Parliament
Parliament

Watch out for protestors outside calling for the current Prime Minister’s head.

Time: 60 minutes for tour, 15 minutes viewing from outside. Enquire ahead via internet as Parliament is closed when in session & turn up 10 min before the tour begins. Buy tickets at gate X. English tours at 10am, 12am, and 2pm daily.

Location: Budapest, Kossuth tér 1–3. Metro: M2 to Kossuth Lajos tér.

Chain Bridge

This, the pick of Budapest’s varied bridges, isn’t just an architectural marvel but is the first permanent bridge that linked Buda with Pest, setting in motion their eventual unification.

It’s also still the best and most scenic way of traversing the Danube to get from Parliament and Pest’s old town to the Castle District. The brainchild of István Széchenyi, an anglophile Hungarian Count who sought to bring rural Hungary into the modern age, he employed two designers to build the ornate bridge, each with the name of Clark: William, an Englishman, and Adam, a Scot.

Chain Bridge
Chain Bridge

The Chain Bridge opened in 1849, during Hungary’s War of Independence with Austria and fortunately survived an immediate botched attempt to blow it up, something that the more efficient Germans managed when retreating from occupying the city in 1945. It was soon rebuilt and reopened on its centenary in the original style.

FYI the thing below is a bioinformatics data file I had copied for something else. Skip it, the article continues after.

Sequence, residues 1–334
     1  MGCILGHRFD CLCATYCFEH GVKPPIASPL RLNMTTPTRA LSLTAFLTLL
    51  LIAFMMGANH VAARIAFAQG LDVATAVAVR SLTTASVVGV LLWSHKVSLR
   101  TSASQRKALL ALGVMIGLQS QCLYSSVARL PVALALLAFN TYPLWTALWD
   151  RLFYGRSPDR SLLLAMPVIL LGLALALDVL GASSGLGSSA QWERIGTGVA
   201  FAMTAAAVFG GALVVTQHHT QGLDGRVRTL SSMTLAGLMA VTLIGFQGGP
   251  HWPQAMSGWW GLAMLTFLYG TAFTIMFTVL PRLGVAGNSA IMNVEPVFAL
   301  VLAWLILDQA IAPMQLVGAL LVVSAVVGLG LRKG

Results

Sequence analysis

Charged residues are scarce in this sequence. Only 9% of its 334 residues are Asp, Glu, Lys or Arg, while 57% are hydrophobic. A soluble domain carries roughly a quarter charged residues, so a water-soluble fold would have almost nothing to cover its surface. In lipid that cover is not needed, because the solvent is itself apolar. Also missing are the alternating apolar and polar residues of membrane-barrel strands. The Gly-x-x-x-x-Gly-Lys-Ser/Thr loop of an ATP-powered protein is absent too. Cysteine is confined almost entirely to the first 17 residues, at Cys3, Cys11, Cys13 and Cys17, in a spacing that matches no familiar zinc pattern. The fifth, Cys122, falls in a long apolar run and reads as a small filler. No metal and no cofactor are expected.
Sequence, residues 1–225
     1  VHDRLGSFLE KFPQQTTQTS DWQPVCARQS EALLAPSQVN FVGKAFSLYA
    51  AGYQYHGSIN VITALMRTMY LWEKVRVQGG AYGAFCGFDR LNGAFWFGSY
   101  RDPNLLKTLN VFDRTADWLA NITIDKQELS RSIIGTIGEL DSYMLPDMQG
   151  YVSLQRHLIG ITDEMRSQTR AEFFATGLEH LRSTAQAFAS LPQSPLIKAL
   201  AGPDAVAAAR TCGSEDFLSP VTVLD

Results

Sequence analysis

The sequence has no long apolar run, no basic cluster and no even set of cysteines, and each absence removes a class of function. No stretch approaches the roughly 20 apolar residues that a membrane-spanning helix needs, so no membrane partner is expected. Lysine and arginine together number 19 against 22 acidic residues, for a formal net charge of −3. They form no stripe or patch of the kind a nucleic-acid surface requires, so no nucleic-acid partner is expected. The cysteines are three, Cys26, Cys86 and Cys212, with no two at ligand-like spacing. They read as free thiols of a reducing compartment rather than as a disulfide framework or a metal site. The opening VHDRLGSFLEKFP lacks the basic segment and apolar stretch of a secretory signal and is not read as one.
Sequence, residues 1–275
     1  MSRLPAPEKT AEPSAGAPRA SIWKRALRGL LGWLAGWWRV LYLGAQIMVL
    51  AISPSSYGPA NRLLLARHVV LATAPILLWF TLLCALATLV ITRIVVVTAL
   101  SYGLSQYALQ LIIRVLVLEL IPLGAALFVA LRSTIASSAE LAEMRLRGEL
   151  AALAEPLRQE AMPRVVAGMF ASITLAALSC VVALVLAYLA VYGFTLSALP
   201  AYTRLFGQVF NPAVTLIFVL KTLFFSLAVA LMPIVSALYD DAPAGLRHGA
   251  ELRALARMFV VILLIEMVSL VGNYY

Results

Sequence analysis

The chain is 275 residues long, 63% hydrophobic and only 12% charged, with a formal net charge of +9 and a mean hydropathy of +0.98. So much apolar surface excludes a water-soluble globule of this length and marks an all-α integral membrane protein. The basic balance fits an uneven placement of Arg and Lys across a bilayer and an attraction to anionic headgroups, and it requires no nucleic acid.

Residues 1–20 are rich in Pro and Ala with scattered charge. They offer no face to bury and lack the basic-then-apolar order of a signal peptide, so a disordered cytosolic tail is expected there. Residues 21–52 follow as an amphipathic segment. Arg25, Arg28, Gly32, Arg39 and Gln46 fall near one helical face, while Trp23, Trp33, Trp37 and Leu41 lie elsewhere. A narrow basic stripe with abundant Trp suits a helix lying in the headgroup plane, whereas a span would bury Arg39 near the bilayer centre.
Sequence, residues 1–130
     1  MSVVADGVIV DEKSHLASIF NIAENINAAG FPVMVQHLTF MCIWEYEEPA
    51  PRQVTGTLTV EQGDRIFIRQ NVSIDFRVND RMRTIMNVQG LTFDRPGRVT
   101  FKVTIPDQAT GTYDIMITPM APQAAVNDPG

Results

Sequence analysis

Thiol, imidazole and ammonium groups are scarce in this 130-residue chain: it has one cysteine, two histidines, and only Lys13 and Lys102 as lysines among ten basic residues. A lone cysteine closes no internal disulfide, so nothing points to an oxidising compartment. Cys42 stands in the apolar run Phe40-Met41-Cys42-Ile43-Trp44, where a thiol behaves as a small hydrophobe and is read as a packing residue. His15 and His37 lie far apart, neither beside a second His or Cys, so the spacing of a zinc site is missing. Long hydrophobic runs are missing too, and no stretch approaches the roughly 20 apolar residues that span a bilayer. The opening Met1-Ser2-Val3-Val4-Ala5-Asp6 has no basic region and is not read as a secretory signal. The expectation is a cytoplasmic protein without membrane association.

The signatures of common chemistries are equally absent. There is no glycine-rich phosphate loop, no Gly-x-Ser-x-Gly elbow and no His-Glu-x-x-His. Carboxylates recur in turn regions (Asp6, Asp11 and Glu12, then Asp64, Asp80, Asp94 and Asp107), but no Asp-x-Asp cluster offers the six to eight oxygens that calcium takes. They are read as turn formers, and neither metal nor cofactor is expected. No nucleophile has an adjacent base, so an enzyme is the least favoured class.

Come back at night when it and the Royal Palace are both lit up dramatically.

Time: 20 minutes.

Location: Connects Széchenyi István tér with Clark Adám tér. Bus 16/105 or Tram 2.

The Castle District

Bombed, burnt, battered, and rebuilt many times throughout the centuries, the Royal Palace and St. Matthias Church dramatically portray Hungary’s trials and tribulations. We suggest you wander the district at your leisure to soak up the history of the place and return later for a more in-depth tour.

The Castle District
The Castle District

Time: 2 hours.

Location: Castle District, take the Bus No. 16 to Dísz tér.

Budapest's Bests in Two Days

 

Once you have discovered the charms of Inner Pest and the Castle District on Day 1, it is time to broaden the scope with a walk around the Outer Ring Boulevard (körút). Note that as you walk the körút, the name changes from district to district.

Start: New York Palace Hotel.

 

New York Palace Hotel

The New York Life Insurance Company originally commissioned the building, which opened on October 23, 1894. During the 1900s, its cafe was a center of intellectual life in the city, with writers and journalists as frequent patrons. After many years of remodeling and revitalizing the original eclectic style with a strong Italian renaissance influence, the Boscolo hotel chain reopened the hotel and its legendary cafe in 2006. The detailed reconstruction is worth admiring and returning to see in the evening when lit up.

New York Palace
New York Palace

 

Walk toward Oktogon, noting the grand turn-of-the-20th-century architecture of Pest. At Oktogon turn right and walk up to Andrássy u. 60.

Terror Háza (House of Terror)